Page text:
• Oct 2017

Entrepreneurship is a Calculated Risk

Entrepreneurship is a Calculated Risk

Nowadays, entrepreneurship has become a career path to follow and it is more glorified around this guy who will jump off a cliff and then learn the way things are done. However, entrepreneurship does not work like that. Most successful entrepreneurs first understand the market potential of a good idea and then adopt a business model by taking calculated risks around it. Most people want to start a business because they are passionate about it. But true entrepreneurs are not like that. Entrepreneurs find the right idea for a business that fulfils their aspirations – primarily that of making money. You build passion for something that works for you because it’s worth it for you.

The Entrepreneurial Style

I meet different types of entrepreneurs in my work and they are broadly of three types:
  • Adventurous Entrepreneurs: About 70% of those I meet are very adventurous. Without even looking at the business, without even thinking how it will work, they think they will make a lot of money out of it. For instance, there are many young people today who want to get started with this ‘great’ idea they have. I ask them, when will they start? They reply, in the next 2-3 months as soon as they get the first investment. What does the brand look like? We are working on it, they say. What is the goal? We want to sell the company within two years! What I find disturbing is that they are already thinking of selling something that they have not even started as yet. The success rate of such entrepreneurs is as low as 1-2%.
  • Optimistic Entrepreneurs: I admire them the most. They locate a good idea, work on it and are aware that it will take a lot of effort to make it work. And they are willing to go the last mile for it. Their success rate is high – 80-90%.
  • Realistic Entrepreneurs: They come with a different level of maturity and possess more of an investor approach. They look like big risk-takers but are actually very conservative and are always looking out for more than 20% return on investment. They are passive entrepreneurs who bring the money and partner with operators.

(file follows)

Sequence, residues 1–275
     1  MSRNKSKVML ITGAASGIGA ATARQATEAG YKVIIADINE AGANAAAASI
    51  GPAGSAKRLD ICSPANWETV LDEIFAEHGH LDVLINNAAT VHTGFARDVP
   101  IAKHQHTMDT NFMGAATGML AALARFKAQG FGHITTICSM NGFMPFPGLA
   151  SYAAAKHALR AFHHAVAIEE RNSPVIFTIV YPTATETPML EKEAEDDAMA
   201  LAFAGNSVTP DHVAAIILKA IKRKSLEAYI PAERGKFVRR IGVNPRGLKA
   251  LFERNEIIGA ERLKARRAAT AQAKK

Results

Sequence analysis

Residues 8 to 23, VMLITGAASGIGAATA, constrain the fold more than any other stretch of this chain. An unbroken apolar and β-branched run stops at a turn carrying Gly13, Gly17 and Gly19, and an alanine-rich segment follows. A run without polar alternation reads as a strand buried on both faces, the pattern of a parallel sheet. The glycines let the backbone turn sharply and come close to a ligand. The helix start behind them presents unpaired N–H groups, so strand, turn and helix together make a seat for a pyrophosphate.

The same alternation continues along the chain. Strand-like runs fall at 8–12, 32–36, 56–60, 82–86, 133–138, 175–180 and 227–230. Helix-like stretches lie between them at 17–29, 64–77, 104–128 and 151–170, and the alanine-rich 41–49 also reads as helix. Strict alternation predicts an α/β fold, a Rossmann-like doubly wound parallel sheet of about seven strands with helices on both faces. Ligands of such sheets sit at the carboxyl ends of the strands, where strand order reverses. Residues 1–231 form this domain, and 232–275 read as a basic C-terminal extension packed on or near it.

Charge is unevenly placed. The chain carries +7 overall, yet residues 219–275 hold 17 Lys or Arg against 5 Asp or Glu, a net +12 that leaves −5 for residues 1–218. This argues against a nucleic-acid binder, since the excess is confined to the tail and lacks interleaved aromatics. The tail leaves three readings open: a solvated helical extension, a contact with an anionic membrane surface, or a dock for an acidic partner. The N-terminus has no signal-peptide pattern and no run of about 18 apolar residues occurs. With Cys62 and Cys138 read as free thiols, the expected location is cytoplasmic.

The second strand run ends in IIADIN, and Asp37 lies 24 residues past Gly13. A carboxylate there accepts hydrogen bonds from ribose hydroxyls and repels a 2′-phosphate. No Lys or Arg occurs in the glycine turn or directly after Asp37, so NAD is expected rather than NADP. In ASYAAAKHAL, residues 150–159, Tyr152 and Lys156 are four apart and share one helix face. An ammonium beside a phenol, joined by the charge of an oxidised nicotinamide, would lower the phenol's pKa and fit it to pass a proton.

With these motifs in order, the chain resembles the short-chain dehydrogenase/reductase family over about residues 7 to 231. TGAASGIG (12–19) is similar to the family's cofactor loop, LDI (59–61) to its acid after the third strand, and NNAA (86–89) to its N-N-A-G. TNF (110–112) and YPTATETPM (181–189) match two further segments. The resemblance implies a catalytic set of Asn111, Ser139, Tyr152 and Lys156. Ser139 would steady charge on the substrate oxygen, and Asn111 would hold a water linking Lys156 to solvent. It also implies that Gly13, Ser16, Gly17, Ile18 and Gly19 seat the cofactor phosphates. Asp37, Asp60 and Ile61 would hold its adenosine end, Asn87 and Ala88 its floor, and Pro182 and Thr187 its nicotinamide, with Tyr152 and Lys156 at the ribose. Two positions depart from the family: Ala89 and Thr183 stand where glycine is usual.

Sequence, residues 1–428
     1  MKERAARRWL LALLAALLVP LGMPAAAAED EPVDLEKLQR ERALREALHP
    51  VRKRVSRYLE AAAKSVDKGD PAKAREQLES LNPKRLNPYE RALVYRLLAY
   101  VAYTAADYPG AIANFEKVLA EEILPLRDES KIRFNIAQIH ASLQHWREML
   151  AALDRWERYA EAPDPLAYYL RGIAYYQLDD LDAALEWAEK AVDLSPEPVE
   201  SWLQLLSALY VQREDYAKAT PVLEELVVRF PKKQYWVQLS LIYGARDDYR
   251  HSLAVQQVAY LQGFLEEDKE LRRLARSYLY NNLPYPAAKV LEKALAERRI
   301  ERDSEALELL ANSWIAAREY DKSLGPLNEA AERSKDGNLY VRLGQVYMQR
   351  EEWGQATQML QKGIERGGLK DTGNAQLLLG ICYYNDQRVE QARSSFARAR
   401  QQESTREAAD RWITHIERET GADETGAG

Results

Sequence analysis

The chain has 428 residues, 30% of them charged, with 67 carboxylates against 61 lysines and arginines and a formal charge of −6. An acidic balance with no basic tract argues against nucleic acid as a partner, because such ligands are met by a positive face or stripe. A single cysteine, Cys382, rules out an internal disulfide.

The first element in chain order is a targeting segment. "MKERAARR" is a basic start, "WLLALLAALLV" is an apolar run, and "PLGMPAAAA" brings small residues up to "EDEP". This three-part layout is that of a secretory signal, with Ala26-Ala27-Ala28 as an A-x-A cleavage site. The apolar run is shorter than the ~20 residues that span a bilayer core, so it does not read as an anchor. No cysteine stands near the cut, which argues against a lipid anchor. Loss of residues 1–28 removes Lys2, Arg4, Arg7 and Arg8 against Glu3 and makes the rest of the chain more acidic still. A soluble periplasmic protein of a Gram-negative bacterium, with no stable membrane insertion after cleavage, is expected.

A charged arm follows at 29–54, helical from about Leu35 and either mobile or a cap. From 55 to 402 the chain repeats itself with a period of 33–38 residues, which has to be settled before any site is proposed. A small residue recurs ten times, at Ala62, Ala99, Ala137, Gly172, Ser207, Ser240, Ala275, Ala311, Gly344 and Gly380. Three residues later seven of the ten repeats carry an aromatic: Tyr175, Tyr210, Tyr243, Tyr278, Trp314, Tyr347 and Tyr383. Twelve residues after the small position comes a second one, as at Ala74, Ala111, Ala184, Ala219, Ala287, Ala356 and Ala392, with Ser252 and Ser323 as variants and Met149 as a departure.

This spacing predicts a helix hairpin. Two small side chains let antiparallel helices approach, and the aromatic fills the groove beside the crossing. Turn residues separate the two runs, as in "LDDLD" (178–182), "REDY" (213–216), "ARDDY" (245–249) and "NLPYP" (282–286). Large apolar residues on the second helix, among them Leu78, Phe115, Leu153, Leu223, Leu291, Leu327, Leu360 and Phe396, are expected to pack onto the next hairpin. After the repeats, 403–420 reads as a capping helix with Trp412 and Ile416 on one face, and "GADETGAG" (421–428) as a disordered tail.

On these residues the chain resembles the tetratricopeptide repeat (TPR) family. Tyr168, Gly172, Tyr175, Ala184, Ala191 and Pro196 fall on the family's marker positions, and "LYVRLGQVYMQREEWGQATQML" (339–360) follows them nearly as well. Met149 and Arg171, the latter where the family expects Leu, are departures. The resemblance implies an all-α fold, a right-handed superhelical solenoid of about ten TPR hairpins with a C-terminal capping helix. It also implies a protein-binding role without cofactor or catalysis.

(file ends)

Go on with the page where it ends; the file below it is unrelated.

Lifecycle of an Entrepreneur

Another area I would like to touch upon is the lifecycle of an entrepreneur. If you want to become an entrepreneur or engage in a startup, here are the three things that you would need to know:
  • Building a Brand: People buy brands. I have seen a lot of businesses where the idea was vague but they created a brand around it and it worked. In today’s world of social media, it is equally important to build your personal brand along with that of your company.
  • Building an Inner Circle: It is crucial to build an inner circle comprising your partners, franchisees, investors, employees, etc. To begin with, it could be only 2-3 people who would compliment you in your business journey.
  • Work towards Early Success: If you are a young entrepreneur, everybody keeps an eye on you and more often than not you will hear about failure. Early success is most important to keep you going and also to demonstrate to yourself and the world that you can do it.
Finally, businesses that are designed to sell never sell. Businesses that are designed to run always get investors. It is important to design businesses that bring about a change and are responsible and create a difference.

Meet Gaurav Marya
  • Delhi 10th January
  • Mumbai 11th January
  • Delhi 12, 13, 14, 15th January
  • Pune 16th January
  • Kolkata 17th January
  • Mumbai 18th January
  • Chandigarh 19th January
  • To meet Gaurav Marya in these cities call Nitin Gandotra +91-7838800759 or email: chairmanoffice@franchiseindia.com to fix an appointment

Franchising can help in creating larger scale without heavy investments in retail space and business structure. The Financial Times-Oct, 2014

Mr. Marya expressed hope that $500 Bn. retail sector will get a positive boost with a stable government after the current Lok Sabha elections. Statesman April 29th, 2014

White Indian restaurant brands have done well nationally, only a few of them have been successful in international markets. The presence of Indian brands/ restaurants outside the country is very fragmented. The Economic Times April 26th, 2014

In categories like electronics, there is a need to develop expertise in handling after sales trouble. With new assortments there might be disappointments and ensuring the quality would be a tall task. Business Standard-April 25th 2014

Growing at 25% annually, India is becoming the world's largest franchising marketplace after USA. New Today Chennai-Oct, 2014